Here are some more pics of candy from my recent trip, with a few first impressions.
I picked these up whilst in Paris. At the moment, the name of the makers escape me, for reasons that are nothing more than an excuse. What makes them notable to me is how different they taste from your typical American caramels. For one, these caramels came in several “flavors” (or more precise, had several varieties of caramels), including strawberry and pineapple. Secondly, the butter used is so prevalent that it makes these caramels taste far more delectable and thus far more wicked. These were quite likely the best candies I had on the trip.
These are a French confection, a marzipan treat flavored with a hint of melon, and then iced. These were also quite good. However, I’ve had these in Seattle, and they seemingly can pick up outside flavors.
A British treat, a gummi product with a distinct dairy taste to them. You can also find a variation of these called milk shakes, which add flavors such as chocolate, strawberry, and banana.
Another British mint boiled sweet. If you can’t find a mint in Britain, you’re simply not looking. Almost every region of Britain have their own type of mint boiled sweet.
I picked this up as Nougat is one of ‘historically significant’ confections out there. I’ll be discussing these later. I should note that these are not British at all.
One of the very basic boiled sweets found in Britain. This version has little in relation to the Barley Sugars found in the past, which had more in line with Rock candies (the stick version, not the rock version.)
There’s an entire subset of boiled sweets in Britain that deal with Fizzes. It’s basically a candy coated with a powder of bicarbonate of soda and tartaric acid.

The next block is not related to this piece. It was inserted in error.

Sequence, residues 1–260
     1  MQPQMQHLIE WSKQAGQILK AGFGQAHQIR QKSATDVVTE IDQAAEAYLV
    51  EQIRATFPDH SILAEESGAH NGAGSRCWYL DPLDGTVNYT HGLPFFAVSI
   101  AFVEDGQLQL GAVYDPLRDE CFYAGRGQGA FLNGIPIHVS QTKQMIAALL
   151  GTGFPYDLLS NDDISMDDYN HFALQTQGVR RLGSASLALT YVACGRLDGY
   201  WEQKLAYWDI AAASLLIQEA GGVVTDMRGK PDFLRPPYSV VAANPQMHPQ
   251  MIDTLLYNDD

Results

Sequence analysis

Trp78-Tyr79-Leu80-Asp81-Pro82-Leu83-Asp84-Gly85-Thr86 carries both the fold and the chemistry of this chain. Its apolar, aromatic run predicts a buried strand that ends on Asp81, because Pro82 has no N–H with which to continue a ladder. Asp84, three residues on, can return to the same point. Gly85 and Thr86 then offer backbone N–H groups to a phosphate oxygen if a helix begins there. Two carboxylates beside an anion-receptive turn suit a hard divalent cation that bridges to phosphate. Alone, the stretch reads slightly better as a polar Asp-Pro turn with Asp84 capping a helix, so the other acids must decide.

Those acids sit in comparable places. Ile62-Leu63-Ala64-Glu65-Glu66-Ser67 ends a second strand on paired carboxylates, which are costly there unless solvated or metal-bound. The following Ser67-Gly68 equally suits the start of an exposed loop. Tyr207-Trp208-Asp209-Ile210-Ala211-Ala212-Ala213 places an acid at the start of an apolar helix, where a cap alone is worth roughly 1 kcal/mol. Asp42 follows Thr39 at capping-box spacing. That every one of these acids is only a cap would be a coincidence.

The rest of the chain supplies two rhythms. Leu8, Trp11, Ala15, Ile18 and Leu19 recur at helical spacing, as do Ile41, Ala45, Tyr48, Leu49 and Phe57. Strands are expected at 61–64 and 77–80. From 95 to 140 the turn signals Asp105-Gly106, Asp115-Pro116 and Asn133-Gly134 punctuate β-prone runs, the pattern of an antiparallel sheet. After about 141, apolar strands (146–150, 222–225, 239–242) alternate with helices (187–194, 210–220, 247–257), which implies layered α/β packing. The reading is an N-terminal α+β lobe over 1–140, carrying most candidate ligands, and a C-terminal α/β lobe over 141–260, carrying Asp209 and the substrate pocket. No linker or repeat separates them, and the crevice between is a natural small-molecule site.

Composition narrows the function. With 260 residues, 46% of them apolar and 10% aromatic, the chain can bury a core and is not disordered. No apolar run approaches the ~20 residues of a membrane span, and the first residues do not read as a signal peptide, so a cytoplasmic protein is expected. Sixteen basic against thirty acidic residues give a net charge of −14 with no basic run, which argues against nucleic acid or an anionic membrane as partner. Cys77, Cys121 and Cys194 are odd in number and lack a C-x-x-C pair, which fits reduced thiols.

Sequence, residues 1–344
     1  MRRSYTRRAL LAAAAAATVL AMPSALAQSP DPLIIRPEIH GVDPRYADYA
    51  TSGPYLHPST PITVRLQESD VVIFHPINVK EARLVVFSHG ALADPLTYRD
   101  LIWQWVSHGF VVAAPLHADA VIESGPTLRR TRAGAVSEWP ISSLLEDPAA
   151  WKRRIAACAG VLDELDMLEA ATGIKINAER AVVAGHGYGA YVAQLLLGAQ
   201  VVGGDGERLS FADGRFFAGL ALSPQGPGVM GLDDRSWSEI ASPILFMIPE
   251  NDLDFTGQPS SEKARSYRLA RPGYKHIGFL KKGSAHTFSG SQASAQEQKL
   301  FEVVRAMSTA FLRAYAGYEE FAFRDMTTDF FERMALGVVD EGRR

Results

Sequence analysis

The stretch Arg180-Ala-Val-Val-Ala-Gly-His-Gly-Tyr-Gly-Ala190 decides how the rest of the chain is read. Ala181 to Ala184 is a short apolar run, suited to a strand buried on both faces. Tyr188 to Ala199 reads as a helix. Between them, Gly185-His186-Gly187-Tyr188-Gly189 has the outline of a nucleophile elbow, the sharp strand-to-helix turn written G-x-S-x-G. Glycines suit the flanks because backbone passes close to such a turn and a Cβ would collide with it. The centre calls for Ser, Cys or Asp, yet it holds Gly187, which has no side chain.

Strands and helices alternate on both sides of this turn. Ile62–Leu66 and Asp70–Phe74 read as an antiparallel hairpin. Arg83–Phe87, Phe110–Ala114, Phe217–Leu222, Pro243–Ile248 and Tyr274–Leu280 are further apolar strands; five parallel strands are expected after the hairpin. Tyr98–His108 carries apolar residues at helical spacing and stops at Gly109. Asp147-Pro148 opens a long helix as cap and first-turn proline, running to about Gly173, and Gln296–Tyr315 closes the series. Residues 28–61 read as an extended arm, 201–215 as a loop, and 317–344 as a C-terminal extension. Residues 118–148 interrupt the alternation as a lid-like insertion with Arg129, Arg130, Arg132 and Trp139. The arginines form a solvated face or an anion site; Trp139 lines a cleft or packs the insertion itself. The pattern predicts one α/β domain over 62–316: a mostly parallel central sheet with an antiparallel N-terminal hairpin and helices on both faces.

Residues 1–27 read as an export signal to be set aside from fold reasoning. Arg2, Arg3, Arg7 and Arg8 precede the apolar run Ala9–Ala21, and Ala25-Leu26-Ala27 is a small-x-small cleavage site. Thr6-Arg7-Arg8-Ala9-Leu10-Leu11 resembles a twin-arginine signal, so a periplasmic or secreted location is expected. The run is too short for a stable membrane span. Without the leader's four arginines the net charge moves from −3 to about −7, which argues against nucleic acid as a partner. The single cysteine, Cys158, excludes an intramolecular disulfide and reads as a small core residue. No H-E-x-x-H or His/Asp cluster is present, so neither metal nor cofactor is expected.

One of the several licorice flavored boiled sweets that started life as a medicine/lozenge. There are many variations of these withe different recipes. This one had a heavy clove and aniseed mixture. Very bizarre.
Here in the States, Cola is used almost exclusively in soda (you can find it in a gummy candy or two). In Britain, it’s found in several variations of candy. This is one variation that I picked up at Harrod’s.
Traditional version of a comfit. Fans of Good n Plenty will immediately be drawn to these.
A gummi that we can find here in the States.
Another tart boiled sweet.
The custard flavor is also used quite a bit in British confection. So while we associate custard with a texture, in Britain, it is seen more as a flavor (a creamy-vanilla, if that makes sense).
What I love about about the British boiled sweet tradition is the full gamut of flavors one can find. Typically one doesn’t apply the word ‘subtle’ to candies, as the flavors are often quite bold. Yet Pear Drops are often quite subtle. Sure the sweetness is there, but the defining characteristic of of the pear flavor is restraint. This alone makes this candy notable.